Together with the proposal for a Regulation clarifying the exercise of the right to take collective action within the context of the economic freedoms of the Single Market, in particular the freedom of establishment and the freedom to provide services[36], it constitutes a targeted intervention in line with one of the key objectives of the Treaty, namely to establish an internal market and work for a highly competitive social market economy, aiming at full employment and social progress. In particular by facilitating the cross-border provision of services and improving the climate of fair competition, this initiative will allow the potential for growth offered by the posting of workers and jobs for posted workers to be tapped as a key element in the provision of services in the internal market. It will thus contribute to smart, sustainable and inclusive growth recovery in line with the objectives and priorities of the Europe 2020[37] strategy.

3.2 Legal basis

This proposal is based on Articles 53(1) and 62 TFEU, which are identical those on which Directive 96/71/EC is based and allow for the adoption of directives under the ordinary legislative procedure.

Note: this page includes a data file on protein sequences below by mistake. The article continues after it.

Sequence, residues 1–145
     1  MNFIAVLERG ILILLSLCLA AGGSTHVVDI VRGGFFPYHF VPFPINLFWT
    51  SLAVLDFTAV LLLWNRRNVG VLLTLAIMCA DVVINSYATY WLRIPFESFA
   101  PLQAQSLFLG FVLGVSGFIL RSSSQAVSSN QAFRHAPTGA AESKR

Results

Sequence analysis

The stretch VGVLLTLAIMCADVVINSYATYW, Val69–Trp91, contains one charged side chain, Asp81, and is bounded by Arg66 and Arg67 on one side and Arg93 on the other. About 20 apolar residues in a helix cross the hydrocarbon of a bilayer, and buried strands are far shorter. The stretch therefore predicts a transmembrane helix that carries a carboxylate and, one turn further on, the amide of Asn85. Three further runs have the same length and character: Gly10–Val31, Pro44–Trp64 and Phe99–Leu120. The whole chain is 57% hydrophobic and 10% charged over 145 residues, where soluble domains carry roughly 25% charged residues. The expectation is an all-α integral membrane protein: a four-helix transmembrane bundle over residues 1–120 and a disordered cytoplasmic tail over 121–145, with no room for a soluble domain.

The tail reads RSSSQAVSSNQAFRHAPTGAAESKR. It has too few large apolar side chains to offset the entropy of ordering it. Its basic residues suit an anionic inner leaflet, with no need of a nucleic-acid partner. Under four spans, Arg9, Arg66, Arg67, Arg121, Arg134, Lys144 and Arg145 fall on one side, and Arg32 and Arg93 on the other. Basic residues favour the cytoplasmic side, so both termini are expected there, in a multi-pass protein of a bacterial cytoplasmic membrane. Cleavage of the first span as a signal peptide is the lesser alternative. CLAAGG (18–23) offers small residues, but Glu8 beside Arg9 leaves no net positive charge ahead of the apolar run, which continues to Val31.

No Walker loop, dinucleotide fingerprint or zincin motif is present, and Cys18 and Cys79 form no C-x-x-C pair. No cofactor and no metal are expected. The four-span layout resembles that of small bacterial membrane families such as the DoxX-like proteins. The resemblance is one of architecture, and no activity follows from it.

3.3 Subsidiarity and proportionality principles

The problems identified with respect to the implementation, application and enforcement of Directive 96/71/EC are linked to the objectives set out in Article 3(3) TEU, according to which the European Union is to establish an internal market based on a highly competitive social market economy, aiming at full employment and social progress, and in Articles 56 and 151 TFEU.

Adequate implementation and effective application and enforcement are key elements guaranteeing the effectiveness of the applicable EU rules. Differences and disparities in the way Directive 96/71/EC is implemented, applied and enforced in the different Member States are detrimental to the proper functioning of the Directive. It thus risks making it very difficult, if not impossible, to create the required level playing field for service providers and ensure that workers posted for the provision of services enjoy the same level of protection guaranteed by the Directive throughout the EU. Under these circumstances, the required legal clarity and certainty can only be achieved at EU level.

Therefore, the objectives of the proposal cannot be sufficiently achieved by Member States and require action at EU level